What does 'integration' mean to you?
Tell us: What does 'integration' mean to you?
In this chapter, we've provided you with a fundamental understanding of the various facets of integration and how the debate and approaches vary in Europe and Canada. While it's important to understand how governments manage (or don't manage) this process, integration is something that doesn't start and stop with policy. That's why we have included views from those working in the field, either supporting or circumventing integration policy, as well as voices from the public to get a taste for how people actually understand this term and what ideal they wish for in their societies.
Now, the 'Us' & 'Them' course community wants to hear from you:
Here are some guiding questions to draw from:
- What do you think of Prof. Dr. Naika Foroutan's four fields of integration (structural, social, cultural, identificative), and which do you feel are emphasized most in your society?
- Would you prefer to see integration as a top-down, bottom-up, or another directional process?
- What ways do your societies and governments support or not support integration and multiculturalism (e.g. through resources like integration courses or symbolically through representation)?
- Who in your societies needs integrating, from your point of view? Does integration stop with refugees and immigrants?
- How do you think we can best measure integration? What counts most (e.g. numbers, personal encounters, building networks)?
- Where do you think Europe is headed when it comes to integration? Do you think Europe can learn something from the Canadian example?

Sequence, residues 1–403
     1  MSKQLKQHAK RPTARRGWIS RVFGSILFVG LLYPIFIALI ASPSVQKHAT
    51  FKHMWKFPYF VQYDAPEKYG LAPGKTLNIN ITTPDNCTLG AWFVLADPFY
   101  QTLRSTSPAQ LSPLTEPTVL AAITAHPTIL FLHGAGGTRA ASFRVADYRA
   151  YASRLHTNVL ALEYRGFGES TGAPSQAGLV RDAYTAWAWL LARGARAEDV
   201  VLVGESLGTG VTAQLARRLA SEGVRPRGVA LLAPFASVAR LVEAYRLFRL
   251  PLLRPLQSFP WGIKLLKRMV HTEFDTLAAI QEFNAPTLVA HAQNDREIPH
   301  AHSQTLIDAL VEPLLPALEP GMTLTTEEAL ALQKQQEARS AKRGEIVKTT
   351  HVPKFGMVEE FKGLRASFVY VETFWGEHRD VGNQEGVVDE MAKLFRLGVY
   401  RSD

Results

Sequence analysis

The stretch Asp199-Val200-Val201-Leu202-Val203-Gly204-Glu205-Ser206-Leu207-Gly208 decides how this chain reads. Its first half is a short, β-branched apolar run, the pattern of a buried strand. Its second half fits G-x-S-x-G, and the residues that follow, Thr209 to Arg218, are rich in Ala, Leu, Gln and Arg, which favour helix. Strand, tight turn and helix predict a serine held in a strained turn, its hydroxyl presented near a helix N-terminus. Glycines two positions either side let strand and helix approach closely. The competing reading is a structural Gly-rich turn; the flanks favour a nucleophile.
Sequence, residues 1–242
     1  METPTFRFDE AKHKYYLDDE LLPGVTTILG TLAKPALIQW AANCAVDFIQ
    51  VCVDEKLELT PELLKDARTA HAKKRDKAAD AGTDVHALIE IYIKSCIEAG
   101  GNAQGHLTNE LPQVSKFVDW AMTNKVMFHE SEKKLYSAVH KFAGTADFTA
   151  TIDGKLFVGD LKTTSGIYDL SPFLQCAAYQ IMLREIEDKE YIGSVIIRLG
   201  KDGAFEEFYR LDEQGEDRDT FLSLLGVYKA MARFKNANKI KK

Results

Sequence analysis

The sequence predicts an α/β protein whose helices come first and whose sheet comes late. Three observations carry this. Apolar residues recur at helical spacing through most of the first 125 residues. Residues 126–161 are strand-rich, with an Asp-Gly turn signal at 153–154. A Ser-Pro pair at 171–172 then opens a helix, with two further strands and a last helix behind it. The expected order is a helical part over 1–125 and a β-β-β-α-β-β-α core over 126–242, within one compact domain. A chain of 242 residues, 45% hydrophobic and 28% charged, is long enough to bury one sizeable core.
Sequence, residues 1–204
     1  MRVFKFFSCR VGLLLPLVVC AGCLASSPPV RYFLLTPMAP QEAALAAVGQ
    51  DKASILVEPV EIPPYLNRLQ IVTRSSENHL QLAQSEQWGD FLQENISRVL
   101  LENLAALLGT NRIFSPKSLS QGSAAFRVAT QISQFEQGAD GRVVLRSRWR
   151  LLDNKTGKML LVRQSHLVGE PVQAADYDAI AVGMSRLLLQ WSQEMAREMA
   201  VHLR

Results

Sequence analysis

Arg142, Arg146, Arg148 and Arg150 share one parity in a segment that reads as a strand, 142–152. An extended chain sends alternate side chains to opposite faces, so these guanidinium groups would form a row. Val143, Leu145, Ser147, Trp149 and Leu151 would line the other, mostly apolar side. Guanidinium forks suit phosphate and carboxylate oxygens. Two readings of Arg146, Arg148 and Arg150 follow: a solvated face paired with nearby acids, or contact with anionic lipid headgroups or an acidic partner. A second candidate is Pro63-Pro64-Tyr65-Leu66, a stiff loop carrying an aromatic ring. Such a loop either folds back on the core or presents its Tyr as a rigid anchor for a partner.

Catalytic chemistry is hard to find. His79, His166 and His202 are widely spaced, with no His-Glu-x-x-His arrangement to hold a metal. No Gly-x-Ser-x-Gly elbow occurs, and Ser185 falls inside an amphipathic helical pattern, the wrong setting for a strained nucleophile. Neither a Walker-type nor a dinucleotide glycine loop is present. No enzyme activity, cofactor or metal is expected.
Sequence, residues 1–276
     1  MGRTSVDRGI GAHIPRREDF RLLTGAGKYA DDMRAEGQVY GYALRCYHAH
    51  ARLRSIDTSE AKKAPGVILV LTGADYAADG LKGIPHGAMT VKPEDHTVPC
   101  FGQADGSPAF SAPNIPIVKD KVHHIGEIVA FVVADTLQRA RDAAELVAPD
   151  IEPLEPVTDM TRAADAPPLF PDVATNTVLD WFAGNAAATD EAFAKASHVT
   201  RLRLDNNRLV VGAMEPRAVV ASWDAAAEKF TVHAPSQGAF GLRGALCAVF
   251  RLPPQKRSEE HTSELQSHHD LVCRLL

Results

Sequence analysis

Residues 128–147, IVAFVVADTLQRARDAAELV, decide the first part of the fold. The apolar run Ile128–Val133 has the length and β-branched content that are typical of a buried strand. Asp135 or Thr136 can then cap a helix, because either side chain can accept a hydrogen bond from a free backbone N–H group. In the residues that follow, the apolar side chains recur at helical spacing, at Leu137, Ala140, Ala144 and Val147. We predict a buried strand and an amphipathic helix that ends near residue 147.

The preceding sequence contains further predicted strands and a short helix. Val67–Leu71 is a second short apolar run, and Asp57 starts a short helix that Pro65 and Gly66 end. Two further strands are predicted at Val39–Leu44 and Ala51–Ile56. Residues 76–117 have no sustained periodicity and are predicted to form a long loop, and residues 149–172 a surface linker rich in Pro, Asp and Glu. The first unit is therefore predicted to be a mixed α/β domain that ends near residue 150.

Click 'Start in Journal', and fill out the entry. How you do this is up to you: You can use just words, or add pictures or links to articles or videos to highlight your point!
Is this journal assignment required?
No! Nothing in our course is 'required', and there are no grades, but we encourage you to reflect on these topics and share if you feel comfortable, so that others in the course can benefit from your experiences.
How do you think we can best measure integration? What counts most (e.g. numbers, personal encounters, building networks)?
When we agree that integration is a process and it is the task of people who live together and 'do life', our tools of measurement will be different.
Numbers doesn't work! I asked my friend about a post on her Facebook account which got remarkably high number of 'Like', surprisingly, she has no idea what it is about. I got so curious to know more about numbers and statistics. Frankly speaking, reading about valid numbers, participants bias, valid argument, population variance, symmetric distribution, self-selection...... is confusing!
Personal encounter and building network need time and effort. Integration means saying Hallo to people while I am biking! Now the bikers of Eschwege start replying back. Integration means visiting Johannsfest and going to Werratalsee to live although some of my German friends want me to drink beer and eat bratwurst!!!! One day, they will learn that alcohol and pork have nothing to do with integration.
Do you think that writing this journal is a kind of personal encounter and building network? If Yes, add me to the number of people who integrated well!!!